I didn’t know I could get that excited over a plant. The neighbors must think I’m crazy.


I am really enjoying the little bit of gardening I have done this year. It’s really satisfying to see the fruits of your labor, literally, growing before your eyes. And, it’s a miracle that these plants have done so well. If they have survived me this far, I think everything is going to be OK.



File:Petronia xanthocollis.jpg

Last summer, I saw a documentary that detailed the lifestyle of individuals living under the oppression of North Korea’s communist regime. Amidst the information regarding smuggled USB drives, phony department stores, and communist propaganda, one segment of the film really stuck with me. I’ve been thinking about it for almost an entire year.

Watching the film on my computer, I saw the innocent faces of North Korea’s forgotten children. They are alone, dirty, hungry, scared. These are the street children of North Korea.

Many of them have been abandoned. They have no conception of what love really means. And what’s most heartbreaking is that they have no idea that there is Someone who loves them more than they can imagine and who sacrificed Himself to draw them unto Him.

This has really been weighing on my heart the last week or so. North Korea is the most isolated country in the world, and the fact that these children – who are at the bottom of the pecking order of who’s important in NK – are starving physically, emotionally, and spiritually…it’s heartbreaking. And it leads me to ask myself the question:

“What can I do?”

I can’t just hop a flight to Pyongyang and set up an orphanage next to the Juche Tower. So what can I, a gal in the country most hated by North Koreans, do to help these precious children?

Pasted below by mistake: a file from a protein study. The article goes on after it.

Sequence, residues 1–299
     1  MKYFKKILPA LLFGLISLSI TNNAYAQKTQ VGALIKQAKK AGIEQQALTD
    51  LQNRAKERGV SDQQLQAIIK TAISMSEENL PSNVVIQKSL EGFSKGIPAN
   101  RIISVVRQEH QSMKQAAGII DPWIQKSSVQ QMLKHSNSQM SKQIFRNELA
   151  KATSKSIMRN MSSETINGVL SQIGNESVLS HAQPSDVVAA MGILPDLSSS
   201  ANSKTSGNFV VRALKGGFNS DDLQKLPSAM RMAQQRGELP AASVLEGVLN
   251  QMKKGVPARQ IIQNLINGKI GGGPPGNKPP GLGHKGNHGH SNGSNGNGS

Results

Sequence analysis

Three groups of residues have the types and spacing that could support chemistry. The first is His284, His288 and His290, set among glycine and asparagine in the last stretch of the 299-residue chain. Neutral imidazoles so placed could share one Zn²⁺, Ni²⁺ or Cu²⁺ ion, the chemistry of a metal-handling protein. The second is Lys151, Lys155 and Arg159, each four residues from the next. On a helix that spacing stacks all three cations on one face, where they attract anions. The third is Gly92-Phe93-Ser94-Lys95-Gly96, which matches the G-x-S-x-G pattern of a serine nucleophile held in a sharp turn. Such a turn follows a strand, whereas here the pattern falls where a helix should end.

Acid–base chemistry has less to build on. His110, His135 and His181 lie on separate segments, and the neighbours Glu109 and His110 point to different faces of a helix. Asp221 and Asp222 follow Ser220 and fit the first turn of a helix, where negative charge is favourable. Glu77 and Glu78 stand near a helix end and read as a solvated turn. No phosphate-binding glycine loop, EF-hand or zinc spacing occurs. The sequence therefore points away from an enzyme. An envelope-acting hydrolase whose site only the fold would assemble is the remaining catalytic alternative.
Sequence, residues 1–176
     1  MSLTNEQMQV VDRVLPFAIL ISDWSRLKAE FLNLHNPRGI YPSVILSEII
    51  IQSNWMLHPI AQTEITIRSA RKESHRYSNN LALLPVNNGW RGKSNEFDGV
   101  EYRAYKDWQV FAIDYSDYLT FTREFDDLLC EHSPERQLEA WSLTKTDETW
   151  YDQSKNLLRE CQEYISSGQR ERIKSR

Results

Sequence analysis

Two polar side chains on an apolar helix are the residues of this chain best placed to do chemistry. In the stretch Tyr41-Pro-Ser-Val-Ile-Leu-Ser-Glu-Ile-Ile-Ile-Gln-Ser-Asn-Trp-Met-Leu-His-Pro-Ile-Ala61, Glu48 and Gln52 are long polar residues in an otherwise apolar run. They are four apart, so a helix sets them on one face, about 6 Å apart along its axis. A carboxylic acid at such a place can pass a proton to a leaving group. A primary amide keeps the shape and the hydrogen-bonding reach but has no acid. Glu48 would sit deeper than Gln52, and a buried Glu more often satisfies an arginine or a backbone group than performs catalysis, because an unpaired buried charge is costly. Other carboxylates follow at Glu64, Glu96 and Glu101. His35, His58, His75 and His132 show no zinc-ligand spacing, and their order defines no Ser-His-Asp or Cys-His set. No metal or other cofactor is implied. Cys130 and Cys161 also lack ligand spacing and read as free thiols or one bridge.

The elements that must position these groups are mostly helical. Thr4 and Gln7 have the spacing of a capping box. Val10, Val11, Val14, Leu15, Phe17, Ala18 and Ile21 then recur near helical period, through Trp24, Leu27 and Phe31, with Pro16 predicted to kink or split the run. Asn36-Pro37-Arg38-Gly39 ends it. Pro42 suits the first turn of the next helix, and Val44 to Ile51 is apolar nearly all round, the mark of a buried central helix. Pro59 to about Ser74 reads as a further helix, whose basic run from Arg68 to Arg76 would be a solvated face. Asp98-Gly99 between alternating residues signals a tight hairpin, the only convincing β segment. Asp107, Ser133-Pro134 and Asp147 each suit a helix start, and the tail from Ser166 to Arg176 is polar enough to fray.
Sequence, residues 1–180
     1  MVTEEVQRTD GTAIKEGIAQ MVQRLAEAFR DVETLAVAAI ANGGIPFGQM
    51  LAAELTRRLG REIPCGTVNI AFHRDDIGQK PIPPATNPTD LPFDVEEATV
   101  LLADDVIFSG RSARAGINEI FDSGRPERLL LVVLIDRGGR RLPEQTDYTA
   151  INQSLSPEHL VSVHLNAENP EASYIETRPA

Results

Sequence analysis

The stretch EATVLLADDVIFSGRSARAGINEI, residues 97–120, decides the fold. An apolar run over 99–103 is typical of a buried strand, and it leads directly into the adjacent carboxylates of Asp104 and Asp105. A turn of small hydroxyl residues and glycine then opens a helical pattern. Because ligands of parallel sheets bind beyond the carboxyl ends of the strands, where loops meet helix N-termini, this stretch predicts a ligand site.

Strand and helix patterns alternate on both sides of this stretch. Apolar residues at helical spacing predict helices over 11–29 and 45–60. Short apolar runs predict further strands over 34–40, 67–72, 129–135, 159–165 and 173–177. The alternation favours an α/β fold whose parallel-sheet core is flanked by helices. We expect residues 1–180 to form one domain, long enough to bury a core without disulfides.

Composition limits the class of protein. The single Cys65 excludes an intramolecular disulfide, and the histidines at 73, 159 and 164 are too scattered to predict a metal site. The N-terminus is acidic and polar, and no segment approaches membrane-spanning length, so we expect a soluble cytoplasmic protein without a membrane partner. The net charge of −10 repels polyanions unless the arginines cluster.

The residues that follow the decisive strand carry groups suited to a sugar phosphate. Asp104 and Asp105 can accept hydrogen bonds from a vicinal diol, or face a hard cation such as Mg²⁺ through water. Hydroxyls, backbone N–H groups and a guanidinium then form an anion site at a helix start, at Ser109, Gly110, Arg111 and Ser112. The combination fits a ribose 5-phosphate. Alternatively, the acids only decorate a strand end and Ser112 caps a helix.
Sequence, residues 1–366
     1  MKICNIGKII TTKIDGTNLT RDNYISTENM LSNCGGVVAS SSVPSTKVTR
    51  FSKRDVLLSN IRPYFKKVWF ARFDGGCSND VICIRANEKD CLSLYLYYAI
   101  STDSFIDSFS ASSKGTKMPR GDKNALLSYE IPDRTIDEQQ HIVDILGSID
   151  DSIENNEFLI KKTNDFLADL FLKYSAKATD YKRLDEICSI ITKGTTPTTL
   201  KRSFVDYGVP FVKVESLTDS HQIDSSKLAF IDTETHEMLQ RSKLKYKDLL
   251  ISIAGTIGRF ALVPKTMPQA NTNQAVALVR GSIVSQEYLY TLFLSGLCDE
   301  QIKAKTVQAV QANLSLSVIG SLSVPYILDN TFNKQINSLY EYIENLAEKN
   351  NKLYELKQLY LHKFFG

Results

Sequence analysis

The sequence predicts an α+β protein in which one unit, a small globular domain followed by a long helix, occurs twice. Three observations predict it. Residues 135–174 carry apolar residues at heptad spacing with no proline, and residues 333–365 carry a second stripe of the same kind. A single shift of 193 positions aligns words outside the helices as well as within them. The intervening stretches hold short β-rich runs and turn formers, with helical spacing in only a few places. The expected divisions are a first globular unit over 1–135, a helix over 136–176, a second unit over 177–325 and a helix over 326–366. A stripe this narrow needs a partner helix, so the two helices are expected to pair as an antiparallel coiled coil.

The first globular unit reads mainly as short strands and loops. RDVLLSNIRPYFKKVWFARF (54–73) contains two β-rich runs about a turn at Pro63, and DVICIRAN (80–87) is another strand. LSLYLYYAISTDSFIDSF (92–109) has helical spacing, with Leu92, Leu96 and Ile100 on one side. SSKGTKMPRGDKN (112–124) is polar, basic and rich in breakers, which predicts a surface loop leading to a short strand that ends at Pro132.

I can pray. And that’s what I’ve been doing.

But do you ever get the feeling that sometimes “just praying” isn’t enough?

I was reading Blaine Harden’s book, Escape from Camp 13, this week. The book chronicles the life of Shin, a North Korean man born in a NK gulag. He escaped the camp when he was in his early 20s and defected to South Korea. He now travels in the US and South Korea, giving speeches to raise awareness for what goes on behind the walls of communist North Korea.

In the book, Harden talks about the street children Shin met while running through North Korea towards China. These children, like the ones in the documentary I saw, were starving and struggling to survive. They banded together to find or steal whatever food they could get. Shin says these children are known as “Wandering Sparrows.”

And that’s when it hit me.

God’s eyes are on the Sparrows.

I may not be able to spoon rice and fish onto plates before these kids. I may not be able to hold them in my arms and whisper that everything is going to be OK. I may not be able to wipe away tears or tell them I love them. But I know the One who can.

I know the One who holds each of these “Wandering Sparrows” in the palms of His hands. I know the one who “loves the little children of the world.” I know the One who said, “Let the little children come to me, and do not hinder them, for the kingdom of heaven belongs to such as these” (Matt. 19:14).

My arms can’t extend across the Pacific. My income can only support so many charities. But my prayers are limitless in their reach. God hears me.

And He hears the Sparrows’ cries.